Wednesday, November 28, 2012

Rare Exports: A Christmas Tale

2010, 84 min. R – some blood, a couple butchered animals, completely non-erotic full frontals as old men run through the snow with their willies flopping around, as only Finns can do.

IMDB says... In the depths of the Korvatunturi mountains, 486 metres deep, lies the closest ever guarded secret of Christmas. The time has come to dig it up! This Christmas everyone will believe in Santa Claus.

The 73rd Virgin says... Looking at the title on Instant View, I only saw Rare Exports and assumed this was a compilation of Finnish art house movies, but my wife observed it was a Christmas movie and had good reviews, so we jumped in to find some exquisite dead-pan far northern European humor, a bit of horror, and a fine kick-off to the Christmas movie review season.

In a funny prologue, a visiting scientist lets on that his seismologists are approaching a great find, and, by the way, here are some new safety regulations, including “wash behind the ears”. It is 24 days ‘til Christmas.

Young Pietari is a typical, I guess, Finnish boy who lives with his widowed father who makes at least part of his living as a butcher, especially during the reindeer herding season. They live in an undefined village on the Finland-Russia border and observe the seismologists on a strange rise of land just over the border. The horns that appear in the smoke from the explosion are nifty foreshadowing.

Pietari, about 10 years old, always has an over-under shotgun slung over one shoulder (for wolves) and a pet stuffed animal, Vuppe, that he takes everywhere on a leash. There is no evidence of women or schools in his community. The grown men favor coveralls with tool belts festooned with every provision imaginable.

Pietari is concerned about Santa’s knowledge of his misdeeds, including cutting through a fence on the Russian border and perhaps accidentally allowing wolves to attack the reindeer population upon which his village depends.

He stays up all night trying to catch Santa spying on him through the window and surrounds himself with books on Christmas mythology that describe a Santa focused rather more unpleasantly on the naughty than the nice. His bag does not appear to be filled with toys.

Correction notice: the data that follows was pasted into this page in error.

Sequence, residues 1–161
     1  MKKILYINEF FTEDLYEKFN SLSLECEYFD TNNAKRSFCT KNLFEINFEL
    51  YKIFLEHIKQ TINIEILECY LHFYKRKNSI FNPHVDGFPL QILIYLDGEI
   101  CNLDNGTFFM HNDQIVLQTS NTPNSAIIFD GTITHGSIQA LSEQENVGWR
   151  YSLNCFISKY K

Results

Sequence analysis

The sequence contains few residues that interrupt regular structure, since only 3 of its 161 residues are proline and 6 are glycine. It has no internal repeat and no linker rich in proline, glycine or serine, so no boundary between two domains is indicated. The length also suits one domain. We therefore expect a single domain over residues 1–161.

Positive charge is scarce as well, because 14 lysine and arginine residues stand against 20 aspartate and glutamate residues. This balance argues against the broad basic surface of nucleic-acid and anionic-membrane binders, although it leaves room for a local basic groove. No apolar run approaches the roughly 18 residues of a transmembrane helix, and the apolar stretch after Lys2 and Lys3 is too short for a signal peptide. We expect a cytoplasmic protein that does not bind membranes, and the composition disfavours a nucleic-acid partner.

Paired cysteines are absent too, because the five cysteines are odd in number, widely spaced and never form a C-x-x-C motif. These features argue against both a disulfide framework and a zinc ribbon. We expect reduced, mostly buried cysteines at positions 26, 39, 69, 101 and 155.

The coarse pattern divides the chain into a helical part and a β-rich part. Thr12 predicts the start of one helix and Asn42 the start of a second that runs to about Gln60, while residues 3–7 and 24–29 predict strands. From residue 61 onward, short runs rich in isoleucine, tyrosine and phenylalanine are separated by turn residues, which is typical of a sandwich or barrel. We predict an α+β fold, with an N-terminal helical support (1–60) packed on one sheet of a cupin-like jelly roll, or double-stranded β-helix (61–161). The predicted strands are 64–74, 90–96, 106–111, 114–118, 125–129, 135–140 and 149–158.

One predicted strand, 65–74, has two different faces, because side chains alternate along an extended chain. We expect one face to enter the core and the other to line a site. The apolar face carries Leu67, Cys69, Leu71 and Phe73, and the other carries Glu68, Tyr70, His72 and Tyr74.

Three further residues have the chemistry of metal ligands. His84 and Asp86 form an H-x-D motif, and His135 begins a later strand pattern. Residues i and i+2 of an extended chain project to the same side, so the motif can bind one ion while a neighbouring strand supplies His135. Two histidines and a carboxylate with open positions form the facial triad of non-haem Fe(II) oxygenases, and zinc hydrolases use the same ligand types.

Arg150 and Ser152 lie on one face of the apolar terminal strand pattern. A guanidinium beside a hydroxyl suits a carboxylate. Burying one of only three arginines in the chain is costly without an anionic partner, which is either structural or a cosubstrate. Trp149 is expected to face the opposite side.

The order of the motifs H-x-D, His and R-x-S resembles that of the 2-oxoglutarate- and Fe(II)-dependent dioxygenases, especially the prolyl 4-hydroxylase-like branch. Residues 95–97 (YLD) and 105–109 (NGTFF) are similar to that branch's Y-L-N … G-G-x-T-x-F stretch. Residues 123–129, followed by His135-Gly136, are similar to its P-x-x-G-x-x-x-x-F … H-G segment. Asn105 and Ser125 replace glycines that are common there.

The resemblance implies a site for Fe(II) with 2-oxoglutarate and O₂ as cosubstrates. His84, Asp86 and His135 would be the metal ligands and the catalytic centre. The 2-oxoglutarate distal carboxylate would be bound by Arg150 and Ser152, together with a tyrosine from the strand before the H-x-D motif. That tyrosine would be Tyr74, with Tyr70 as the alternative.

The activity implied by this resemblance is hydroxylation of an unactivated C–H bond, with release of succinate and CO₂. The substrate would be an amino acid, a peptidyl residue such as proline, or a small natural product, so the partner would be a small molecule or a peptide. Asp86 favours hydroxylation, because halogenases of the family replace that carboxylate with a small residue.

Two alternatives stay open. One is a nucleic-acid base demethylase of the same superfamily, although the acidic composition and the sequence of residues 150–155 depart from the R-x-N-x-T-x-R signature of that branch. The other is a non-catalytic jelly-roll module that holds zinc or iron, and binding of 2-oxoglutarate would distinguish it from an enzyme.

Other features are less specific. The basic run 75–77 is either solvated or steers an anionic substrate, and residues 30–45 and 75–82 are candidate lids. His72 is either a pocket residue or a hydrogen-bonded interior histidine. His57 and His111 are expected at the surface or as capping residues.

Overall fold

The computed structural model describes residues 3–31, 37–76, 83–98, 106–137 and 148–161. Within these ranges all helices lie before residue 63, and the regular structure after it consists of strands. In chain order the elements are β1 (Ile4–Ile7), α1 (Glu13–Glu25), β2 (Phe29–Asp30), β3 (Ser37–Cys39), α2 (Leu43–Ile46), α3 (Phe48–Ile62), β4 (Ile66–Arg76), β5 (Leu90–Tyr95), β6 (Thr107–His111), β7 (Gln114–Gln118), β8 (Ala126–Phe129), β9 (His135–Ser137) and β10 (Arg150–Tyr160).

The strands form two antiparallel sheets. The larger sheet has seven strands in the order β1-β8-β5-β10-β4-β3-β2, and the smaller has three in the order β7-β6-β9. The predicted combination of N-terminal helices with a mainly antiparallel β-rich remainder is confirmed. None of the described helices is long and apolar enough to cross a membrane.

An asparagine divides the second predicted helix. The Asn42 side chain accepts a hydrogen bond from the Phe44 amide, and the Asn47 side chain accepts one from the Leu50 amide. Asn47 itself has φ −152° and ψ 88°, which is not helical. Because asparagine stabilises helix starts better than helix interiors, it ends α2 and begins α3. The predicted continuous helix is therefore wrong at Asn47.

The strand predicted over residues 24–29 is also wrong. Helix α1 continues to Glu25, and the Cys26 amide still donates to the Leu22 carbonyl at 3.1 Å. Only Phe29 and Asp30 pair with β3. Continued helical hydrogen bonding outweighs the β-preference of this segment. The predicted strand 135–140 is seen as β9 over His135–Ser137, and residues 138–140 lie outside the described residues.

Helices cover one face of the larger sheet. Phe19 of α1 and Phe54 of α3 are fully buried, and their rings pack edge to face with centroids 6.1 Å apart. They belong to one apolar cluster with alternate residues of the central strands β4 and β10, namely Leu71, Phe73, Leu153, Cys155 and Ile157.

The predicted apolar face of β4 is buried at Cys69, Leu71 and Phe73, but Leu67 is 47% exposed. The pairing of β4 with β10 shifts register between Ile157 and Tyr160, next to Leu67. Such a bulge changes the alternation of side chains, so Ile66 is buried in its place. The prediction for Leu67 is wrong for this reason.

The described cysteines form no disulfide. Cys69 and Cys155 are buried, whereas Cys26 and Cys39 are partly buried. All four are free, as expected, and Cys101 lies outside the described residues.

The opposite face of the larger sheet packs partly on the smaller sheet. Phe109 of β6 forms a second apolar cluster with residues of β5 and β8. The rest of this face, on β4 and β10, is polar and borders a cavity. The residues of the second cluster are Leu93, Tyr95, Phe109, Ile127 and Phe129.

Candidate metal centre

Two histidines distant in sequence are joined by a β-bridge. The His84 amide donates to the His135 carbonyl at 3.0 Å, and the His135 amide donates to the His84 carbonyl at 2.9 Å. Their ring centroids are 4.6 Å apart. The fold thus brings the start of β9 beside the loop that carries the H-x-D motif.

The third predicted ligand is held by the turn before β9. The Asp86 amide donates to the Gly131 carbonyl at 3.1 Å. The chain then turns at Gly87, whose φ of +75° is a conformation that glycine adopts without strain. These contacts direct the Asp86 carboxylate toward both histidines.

In one of several sight gags, a following scene finds Pietari wearing his hockey pads and a piece of fiberglass insulation taped across his butt. As the nature of what was in the frozen block of ice the drillers have dug up is revealed, only Pietari knows that a very angry Santa is coming back with his elves (old naked men who like bloody meat - and gingerbread - and can smell naughty boys).  Even Pietari can’t figure out why all the stoves and hairdryers and potato sacks in the village have gone missing. Soon his friends start to disappear, too.

I can’t think of a template for this movie. Fans of “A Christmas Story” will see some of Ralphie in the doughty Pietari, but the story is goofier, and the sense of irony is buried beneath layers of northern European stoicism. The blend of mild horror, humor, and loving and complete misunderstanding between father and son, is pretty unique. The acting by Onni Tommila and Jorma Tommila is notable.

There is a running joke about the 22% value added tax on every damn thing. And we learn that no matter how unlikely the target, hunters the world over react in pretty much the same way when it comes to antlers.

The conclusion is neither horror nor drama, but muted humor, including the hoariest intentional action film clichés, as Pietari - with insulation still in place - and his father and a helicopter pilot fight to save the village, and then figure a way to monetize their last remaining resource.

I wish Christmas movies had been this inventive when I was young.


  1. Everywhere I turn these days folks are talking about this movie. I need to break down and finally see it. That nordic humor is a thing to behold. Very nice review